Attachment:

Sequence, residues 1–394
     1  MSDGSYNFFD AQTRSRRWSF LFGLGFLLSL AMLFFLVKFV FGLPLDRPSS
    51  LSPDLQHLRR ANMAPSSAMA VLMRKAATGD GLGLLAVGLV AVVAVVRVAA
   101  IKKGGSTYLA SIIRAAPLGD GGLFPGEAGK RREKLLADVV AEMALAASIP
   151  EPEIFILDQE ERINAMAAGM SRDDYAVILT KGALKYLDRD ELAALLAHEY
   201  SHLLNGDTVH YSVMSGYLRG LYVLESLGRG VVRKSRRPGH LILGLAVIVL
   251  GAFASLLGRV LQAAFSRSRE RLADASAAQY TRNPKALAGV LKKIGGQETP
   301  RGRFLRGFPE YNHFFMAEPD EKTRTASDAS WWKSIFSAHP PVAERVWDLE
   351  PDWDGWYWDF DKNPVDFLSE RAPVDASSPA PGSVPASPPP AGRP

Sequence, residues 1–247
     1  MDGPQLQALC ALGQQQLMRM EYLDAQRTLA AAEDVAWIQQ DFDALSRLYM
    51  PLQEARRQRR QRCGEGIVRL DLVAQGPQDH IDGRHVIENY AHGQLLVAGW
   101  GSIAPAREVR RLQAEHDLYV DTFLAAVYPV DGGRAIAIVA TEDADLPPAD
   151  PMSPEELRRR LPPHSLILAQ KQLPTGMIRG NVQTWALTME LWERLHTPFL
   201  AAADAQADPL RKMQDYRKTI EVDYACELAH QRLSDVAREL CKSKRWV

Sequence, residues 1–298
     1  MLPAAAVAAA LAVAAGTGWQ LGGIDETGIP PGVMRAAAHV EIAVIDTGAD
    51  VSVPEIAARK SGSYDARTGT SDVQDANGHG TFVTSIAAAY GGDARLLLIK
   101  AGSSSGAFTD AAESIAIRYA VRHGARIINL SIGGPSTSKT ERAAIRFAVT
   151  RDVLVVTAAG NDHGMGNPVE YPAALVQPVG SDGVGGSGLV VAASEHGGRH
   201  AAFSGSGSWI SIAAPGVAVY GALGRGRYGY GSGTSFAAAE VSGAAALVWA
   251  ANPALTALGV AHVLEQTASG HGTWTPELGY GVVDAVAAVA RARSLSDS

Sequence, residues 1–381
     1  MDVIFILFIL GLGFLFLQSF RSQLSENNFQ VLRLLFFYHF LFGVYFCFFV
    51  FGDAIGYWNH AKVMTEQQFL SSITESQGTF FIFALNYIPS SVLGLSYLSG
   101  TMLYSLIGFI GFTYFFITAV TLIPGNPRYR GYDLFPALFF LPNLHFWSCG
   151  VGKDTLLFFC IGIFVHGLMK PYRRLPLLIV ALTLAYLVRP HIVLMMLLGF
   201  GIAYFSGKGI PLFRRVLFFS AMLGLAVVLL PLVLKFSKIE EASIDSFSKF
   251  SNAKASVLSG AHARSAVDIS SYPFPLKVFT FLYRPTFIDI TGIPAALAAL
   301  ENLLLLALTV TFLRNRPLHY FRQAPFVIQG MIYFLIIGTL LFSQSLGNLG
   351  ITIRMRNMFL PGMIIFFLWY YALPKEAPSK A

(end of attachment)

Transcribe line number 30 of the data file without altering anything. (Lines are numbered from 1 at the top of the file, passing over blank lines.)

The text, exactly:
   301  ENLLLLALTV TFLRNRPLHY FRQAPFVIQG MIYFLIIGTL LFSQSLGNLG